Tombstone Tuesday: Hannan family in Girvan

In Girvan, on the west coast of Scotland, there are two tombstones for members of the Hannan family. They are made of sandstone, and relatively small compared with the surrounding tombstones.

The one on the left is the family of Thomas Hannan (c1830-1890) and his wife Janet McCartney (c1830-1915), my great great grandparents. I first saw it in May 1967, when my mother, Ella Hayes, and I visited her cousin Willie Hannan in Glasgow, and Willie took us to Girvan in Ayrshire, and showed us where the earlier generations of the family had lived. He said that they had had 9 children and the only one who didn’t die young was his and my mother’s grandfather, William Hannan (1856-1928). The names of the children who had died young were inscribed around the sides of the stone.

Thirty-eight years later we visited it again, and this time having a digital camera took more pictures of it.

Hannan tombstone in Girvan Cemetery

The children who died young were:

  • Jane (1847-1847)
  • James (1848-1849)
  • William (1852-1854)
  • John (1854-1855)
  • Thomas (1859-1866)
  • Samuel (1860-1864)
  • James (1864-1887)

But we quite recently discovered that there were actually two children who survived to adulthood and had children of their own. There was a second Jane (1850-1917). She married Samuel Kay, and they had nine children. Janet Ewing of New Zealand wrote to us in 2008 and said

I have been looking through some old e-mails and have
found that you and I have a relation in common. My gt
grandmother was a Jane Hannan. She married Samuel Kay
6 September 1872 at Girvan Ayrshire. She was 22. He
was 20. Her parents were Thomas Hanan (could have
been transcribed as Heenan) and Janet McCartney. Her
surname on the marriage certificate could have been
transcribed as Keenan. This has all been most
confusing in the past. However her death Certificate
(d 19 February 1917) shows that her parents were
Thomas Hannan and Janet McCartney. Does all this fit
into your tree? Janet

So there are a whole lot more cousins on the Hannan side that we didn’t know about.

The second tombstone is larger, and a generation later:

Stanley Livingstone Hannan (1891-1917)

There are several interesting things about this. One is that Tom Hannan, Stanley Hannan’s older brother, was jailed as a conscientious objector during the First World War. For more on this see this earlier entry, and also the Hannan family pages on Wikispaces.

The Hannan family

My grandmother was Janet McCartney Growdon, born Hannan (1882-1946). She died a couple of days before my 5th birthday, so I have only a few childhood memories of her, and of going to visit her and my grandfather at McKenzie Road in Durban, where they lived. In their back garden was a big avocado pear tree. Their house was near the Stamford Hill aerodrome, long since removed further north to Virginia, and replaced by sports stadiums – Kingsmead, Kings Park, and a new one being built for the 2010 Soccer World Cup.

When we were in Durban a couple of months ago we visited my grandparents’ grave in Stellawood Cemetery, where they are buried with my uncle Willie Growdon, whom I never met — he was killed in a motorbike accident before I was born.

Three years ago, however, we visited some other graves — of my grandmother’s grandmother, after whom she was named — Janet Hannan, born McCartney, and her husband Thomas Hannan. Their graves are in Girvan cemetery, in Ayrshire, on the west coast of Scotland.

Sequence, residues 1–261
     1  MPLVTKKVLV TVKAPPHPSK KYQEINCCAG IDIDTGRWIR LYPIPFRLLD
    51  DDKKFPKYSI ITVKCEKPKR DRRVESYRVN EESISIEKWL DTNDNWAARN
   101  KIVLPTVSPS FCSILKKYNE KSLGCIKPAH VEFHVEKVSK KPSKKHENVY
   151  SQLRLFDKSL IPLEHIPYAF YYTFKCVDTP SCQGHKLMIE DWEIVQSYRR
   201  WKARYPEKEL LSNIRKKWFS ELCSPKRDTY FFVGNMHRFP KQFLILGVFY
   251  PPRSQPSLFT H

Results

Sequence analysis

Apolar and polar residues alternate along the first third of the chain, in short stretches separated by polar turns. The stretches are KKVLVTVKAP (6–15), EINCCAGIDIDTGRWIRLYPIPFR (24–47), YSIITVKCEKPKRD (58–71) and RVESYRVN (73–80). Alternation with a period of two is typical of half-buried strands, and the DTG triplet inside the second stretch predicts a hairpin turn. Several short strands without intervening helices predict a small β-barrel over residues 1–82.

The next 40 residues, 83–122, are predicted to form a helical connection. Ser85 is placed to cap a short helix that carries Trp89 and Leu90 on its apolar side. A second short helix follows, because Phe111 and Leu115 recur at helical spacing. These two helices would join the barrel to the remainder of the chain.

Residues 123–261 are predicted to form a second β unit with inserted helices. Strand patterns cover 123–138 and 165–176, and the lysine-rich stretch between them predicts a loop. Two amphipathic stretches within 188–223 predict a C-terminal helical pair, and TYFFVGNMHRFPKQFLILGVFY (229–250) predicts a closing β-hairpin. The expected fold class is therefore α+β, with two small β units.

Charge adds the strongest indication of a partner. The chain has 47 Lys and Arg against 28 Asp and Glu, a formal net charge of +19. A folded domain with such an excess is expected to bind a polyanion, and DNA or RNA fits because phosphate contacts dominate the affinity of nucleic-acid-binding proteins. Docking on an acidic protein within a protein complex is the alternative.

Gravestone of Thomas and Janet Hannan in Girvan

Gravestone of Thomas and Janet Hannan in Girvan

For much of the 19th century the Hannan family lived in Girvan. Janet McCartney came from Maybole, not far away, and they were married there. But most of their children died young, and their names are inscribed around the gravestone.

The eldest son, William Hannan (1856-1928), went to Glasgow, where he met and married Ellen McFarlane. He was a carpenter and joiner. One of their sons, Stanley Livingstone Hannan, was killed in action in the First World War, and his memorial is next to that of his grandparents in Girvan Cemetery.

Memorial to Stanley Livingstone Hannan, and his father William Hannan

Memorial to Stanley Livingstone Hannan, and his father William Hannan

William and Ellen Hannan’s eldest son Tom Hannan (1879-1941) married Hannah Carson and lived in Glasgow. He was a life-long socialist, and was jailed as a conscientious objector in the First World War. His youngest sister Maria (Ria) married Jack Cochrane, and we know nothing about what happened to them. If anyone knows, please let us know!

The other children of William and Ellen Hannan came to southern Africa. Janet McCartney Hannan met George Growdon in Waterval Boven, Transvaal, where he worked as an engine driver for Central South African Railways, and they were married there on 2 June 1909. My mother Ella Growdon was born in Pretoria exactly a year later, and a couple of years after that they moved to Durban permanently.

Emily Livingstone Hannan married first Charlie Mould, and then Arthur Sharp, and lived in Berea in Johannesburg.

David McFarlane Hannan went to Northern Rhodesia (now Zambia), and died at Ndola in 1951. Their children lived in Zambia and Zimbabwe.

Duncan MacFarlane Hannan (1894-1957) married Margaret Helen Bain, and was a butcher in Durban.

If anyone reading this is related to this Hannan family, please visit our family Wikispace, and have a look at the Hannan family pages there. You can goin Wikispaces and add to the family stories there.

Davi

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